Choosing a sparring partner – a checklist

A few tips to consider when looking for a sparring partner

Choosing the right sparring partner is an important aspect of training, as it is crucial to spar frequently so you improve your skills and prepare for upcoming matches. Here are a few factors to consider when looking for a good match.

Skill level

It’s important to find a partner who is at a similar skill level as you. A partner who is too advanced can be intimidating and frustrating, while a partner who is not advanced enough may not provide the challenge you need.

Weight class

Try to find a partner who is in your weight class, since this is how you’ll be matched up in a real fight. Some say finding a partner of a similar height is also helpful, as your reach will be similar.

Fighting style

Look for a partner who has a similar fighting style to your opponent (if you know who your opponent will be, which isn’t always the case in amateur fights), this way you can work on techniques and strategies that will be most useful in your upcoming fight.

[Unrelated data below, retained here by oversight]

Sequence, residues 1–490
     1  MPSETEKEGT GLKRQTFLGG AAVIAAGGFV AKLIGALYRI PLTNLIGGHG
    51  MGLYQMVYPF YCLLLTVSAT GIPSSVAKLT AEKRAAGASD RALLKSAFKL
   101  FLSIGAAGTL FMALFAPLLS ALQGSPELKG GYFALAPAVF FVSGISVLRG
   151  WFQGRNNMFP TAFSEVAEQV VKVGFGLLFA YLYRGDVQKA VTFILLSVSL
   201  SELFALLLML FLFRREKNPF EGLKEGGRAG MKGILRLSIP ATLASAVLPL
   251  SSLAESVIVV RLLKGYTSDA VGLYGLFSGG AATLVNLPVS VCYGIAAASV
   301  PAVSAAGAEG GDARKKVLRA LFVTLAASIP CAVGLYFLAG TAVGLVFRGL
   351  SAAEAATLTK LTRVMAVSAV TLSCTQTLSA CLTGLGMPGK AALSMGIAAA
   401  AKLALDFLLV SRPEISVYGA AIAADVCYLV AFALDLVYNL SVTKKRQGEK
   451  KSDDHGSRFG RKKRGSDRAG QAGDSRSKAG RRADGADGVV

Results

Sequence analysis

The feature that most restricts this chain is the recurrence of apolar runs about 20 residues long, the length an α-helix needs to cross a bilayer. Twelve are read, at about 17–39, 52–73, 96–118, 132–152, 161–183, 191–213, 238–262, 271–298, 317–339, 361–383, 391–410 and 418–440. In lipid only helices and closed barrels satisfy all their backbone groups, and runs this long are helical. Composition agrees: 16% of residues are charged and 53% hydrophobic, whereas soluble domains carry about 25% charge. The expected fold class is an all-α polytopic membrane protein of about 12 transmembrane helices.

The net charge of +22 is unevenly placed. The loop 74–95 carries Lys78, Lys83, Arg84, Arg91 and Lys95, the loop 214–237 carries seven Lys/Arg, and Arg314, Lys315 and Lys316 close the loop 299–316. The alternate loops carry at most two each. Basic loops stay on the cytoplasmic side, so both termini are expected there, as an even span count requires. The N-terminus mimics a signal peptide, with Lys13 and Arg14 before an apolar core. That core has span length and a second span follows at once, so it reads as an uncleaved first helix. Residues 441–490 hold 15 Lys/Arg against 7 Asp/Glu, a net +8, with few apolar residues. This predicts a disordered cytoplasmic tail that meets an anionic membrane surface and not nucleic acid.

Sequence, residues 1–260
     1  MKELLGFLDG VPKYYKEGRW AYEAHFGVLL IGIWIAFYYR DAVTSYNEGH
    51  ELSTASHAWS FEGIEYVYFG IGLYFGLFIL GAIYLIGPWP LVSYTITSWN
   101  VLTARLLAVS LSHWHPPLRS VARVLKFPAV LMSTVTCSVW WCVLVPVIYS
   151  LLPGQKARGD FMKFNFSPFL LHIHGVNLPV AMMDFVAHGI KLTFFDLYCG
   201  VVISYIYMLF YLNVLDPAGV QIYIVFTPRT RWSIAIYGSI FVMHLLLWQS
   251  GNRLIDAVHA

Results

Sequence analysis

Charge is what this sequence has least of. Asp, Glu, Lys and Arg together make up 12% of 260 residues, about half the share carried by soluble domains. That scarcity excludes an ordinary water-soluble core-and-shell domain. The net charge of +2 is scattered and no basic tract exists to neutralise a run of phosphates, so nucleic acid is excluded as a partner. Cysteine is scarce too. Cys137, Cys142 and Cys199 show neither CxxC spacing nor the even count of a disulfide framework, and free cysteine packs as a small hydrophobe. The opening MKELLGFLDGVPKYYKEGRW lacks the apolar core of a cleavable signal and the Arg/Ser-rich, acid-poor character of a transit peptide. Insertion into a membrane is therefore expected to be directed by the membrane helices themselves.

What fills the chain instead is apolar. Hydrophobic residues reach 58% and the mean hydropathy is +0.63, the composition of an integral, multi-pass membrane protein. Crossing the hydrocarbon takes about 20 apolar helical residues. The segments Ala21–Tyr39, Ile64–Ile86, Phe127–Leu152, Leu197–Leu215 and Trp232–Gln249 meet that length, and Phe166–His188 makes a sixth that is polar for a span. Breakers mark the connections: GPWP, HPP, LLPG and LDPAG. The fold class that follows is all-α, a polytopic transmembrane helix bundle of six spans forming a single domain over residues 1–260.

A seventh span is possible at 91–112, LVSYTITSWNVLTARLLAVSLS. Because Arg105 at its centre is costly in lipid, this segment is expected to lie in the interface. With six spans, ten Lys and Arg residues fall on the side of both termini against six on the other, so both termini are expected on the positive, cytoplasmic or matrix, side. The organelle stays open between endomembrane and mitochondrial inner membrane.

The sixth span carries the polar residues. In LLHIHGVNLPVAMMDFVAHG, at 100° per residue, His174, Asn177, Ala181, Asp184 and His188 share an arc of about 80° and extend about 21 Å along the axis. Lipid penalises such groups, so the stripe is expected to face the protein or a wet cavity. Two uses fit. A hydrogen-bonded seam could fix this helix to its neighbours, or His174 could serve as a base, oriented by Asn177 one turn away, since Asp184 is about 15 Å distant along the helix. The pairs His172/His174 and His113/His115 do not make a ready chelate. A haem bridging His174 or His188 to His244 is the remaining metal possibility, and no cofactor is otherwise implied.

This is a big one. Make sure to find a partner who is available to spar with you on a regular basis, as consistency is important in training. No flakes tolerated!


You need to prioritize your safety, especially so you’ll be fit and ready for your fight. Look for a partner who is respectful and follows safety protocols. Now is not the time to show off.

If you’re new to boxing, it’s important to not be shy about asking your partner to go light if s/he’s going too hard for your comfort level. Getting hurt sparring is a waste and could turn you off to the sport before you have a chance to improve. Go easy and work your way up to hard sparring when you feel confident, and not before then.


Pick a partner who has a good attitude and is willing to work with you. A positive attitude and willingness to learn can make all the difference in a sparring session.

Get in the ring!

Finally, if possible, try to spar in an actual ring. While it’s not always possible for everyone and it can be helpful to practice drills without a ring, you can’t learn the corners of the ring and how to work it unless you’re actually in one. So if your goal is to work up to harder sparring or even to have a real fight, you need to be sparring in a boxing ring.

Good luck!